:That's simple, ideally it would be a private blockchain, and the evaluators would just be every voting computer in existence (They'd all be active for a similar fairly short time period). Presumably the evaluations would be ongoing during the voting process, then could be stopped once voting was complete. The last few votes of the night may not wind up being evaluated. [[Special:Contributions/162.158.74.225|162.158.74.225]]<br />
<br />
Wouldn't it be possible to run said blockchain on one's personal computer, instead of running on a voting machine? and you could compile open source software yourself to perform the voting. That sounds like a solid enough way to keep security fine to me, but if I'm missing something, please tell me. [[User:Gjgfuj|TheSandromatic]] ([[User talk:Gjgfuj|talk]]) 03:25, 9 August 2018 (UTC)<br />
:The bigger challenge in a voting system isn't making sure someone doesn't modify the record, it's making sure that each person only votes once and only for themselves -- think about past internet voting campaigns: Justin Bieber wasn't sent to North Korea by *changed* votes, but rather by flooding the system with *bogus* votes. [[Special:Contributions/172.68.132.47|172.68.132.47]] 06:26, 9 August 2018 (UTC)<br />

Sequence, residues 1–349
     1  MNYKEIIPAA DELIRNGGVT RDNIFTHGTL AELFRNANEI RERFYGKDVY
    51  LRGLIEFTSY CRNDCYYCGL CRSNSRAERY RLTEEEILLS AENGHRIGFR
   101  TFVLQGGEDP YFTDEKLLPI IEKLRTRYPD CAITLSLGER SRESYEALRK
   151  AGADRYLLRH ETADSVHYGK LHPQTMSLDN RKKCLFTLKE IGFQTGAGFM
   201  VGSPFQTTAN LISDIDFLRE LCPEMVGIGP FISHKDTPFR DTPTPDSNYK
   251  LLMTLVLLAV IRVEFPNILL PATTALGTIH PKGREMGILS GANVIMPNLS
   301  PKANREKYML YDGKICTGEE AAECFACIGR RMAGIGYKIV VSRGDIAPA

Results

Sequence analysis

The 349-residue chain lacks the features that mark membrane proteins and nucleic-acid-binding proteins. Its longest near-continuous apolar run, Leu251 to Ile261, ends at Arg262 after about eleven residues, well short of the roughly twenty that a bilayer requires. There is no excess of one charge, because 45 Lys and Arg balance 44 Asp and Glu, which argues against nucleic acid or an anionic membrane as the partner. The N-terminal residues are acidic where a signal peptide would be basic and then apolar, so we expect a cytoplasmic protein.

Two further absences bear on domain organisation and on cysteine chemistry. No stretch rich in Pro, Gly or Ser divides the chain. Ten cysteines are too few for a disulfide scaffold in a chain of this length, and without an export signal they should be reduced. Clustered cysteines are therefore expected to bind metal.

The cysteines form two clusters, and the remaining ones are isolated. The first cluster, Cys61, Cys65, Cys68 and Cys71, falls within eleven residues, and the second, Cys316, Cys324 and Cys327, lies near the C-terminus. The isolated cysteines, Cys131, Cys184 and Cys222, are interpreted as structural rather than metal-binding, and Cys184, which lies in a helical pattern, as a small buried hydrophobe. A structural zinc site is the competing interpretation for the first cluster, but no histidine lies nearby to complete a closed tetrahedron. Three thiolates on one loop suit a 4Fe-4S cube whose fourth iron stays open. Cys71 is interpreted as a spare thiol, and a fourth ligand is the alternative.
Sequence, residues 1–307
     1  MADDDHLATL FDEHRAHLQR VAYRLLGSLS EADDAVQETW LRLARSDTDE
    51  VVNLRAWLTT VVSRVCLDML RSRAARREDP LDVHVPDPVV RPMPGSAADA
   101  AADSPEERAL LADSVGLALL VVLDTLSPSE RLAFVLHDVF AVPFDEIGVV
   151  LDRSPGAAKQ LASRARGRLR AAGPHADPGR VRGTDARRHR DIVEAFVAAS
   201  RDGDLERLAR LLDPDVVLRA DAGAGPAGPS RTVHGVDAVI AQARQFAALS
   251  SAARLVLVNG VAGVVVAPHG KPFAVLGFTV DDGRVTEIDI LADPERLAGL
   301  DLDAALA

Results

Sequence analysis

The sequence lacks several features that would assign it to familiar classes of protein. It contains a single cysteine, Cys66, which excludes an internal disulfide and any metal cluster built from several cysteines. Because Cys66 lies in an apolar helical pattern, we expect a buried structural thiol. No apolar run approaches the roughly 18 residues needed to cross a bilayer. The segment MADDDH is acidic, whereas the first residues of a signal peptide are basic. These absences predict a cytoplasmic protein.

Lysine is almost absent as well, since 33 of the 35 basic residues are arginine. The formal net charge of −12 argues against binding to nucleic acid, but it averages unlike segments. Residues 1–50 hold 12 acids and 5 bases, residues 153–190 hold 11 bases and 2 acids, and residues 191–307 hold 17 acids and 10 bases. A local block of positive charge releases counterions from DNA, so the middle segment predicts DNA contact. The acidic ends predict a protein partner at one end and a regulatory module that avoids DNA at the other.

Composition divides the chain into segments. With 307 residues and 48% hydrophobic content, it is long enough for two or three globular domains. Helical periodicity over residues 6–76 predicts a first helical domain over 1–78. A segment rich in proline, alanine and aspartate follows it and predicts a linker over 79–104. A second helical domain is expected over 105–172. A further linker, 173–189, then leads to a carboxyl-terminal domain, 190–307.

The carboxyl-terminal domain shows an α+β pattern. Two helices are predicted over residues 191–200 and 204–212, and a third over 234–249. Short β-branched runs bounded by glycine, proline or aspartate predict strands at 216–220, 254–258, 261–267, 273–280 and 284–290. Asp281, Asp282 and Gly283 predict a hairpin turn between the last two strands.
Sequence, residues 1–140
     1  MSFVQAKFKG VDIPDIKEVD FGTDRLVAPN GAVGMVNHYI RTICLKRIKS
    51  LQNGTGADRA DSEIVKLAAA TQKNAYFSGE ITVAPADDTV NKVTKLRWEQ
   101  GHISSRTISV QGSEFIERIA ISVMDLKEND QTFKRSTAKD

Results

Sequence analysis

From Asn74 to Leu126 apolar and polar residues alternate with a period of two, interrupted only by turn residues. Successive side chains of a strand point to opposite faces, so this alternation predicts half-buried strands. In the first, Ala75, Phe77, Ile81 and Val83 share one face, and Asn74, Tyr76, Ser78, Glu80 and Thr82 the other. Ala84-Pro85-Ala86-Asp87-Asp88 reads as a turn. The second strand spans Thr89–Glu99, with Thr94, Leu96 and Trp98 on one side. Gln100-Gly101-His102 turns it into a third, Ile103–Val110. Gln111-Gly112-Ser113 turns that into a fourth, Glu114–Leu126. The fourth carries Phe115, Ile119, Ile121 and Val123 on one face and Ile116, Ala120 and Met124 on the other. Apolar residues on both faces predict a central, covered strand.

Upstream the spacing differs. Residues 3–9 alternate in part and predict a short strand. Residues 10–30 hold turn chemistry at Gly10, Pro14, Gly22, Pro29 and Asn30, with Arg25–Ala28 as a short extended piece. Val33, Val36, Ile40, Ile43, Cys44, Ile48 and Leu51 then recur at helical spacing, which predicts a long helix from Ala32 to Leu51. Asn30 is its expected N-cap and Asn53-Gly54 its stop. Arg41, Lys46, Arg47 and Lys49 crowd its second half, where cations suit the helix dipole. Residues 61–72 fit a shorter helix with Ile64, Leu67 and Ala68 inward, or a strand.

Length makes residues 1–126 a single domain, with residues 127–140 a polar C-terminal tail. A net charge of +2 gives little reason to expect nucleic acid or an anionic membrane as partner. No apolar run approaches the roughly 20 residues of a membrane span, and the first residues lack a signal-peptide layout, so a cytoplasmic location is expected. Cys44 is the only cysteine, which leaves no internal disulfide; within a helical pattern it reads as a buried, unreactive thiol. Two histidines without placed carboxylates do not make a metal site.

::To be a bit clearer, bitcoin (for example), doesn't and can't enforce that wallets correspond one-to-one with people -- multiple people can share a wallet (if they all know the private key), and one person can have multiple wallets. If you want to guarantee one-to-one correspondence, you have to validate identities and issue unique, signed keys at some prior point. Leaving aside whether or not it's possible to do this part securely and without error (and how big of a target the root signing key would be), you then have millions of people doing their own key management, just like you do with bitcoin. When bitcoin wallets are stolen en masse by key compromises (which does happen), only the wallet owners (who were ostensibly using poor security practices which allowed the compromise) suffer, so the harm is limited. If voting system keys were stolen en masse, but the votes still counted, society as a whole would likely suffer. [[Special:Contributions/172.68.132.47|172.68.132.47]] 07:03, 9 August 2018 (UTC)<br />
<br />
I think a problem that lies within voting machines is that a single flaw can and will be exploited along all machines.<br />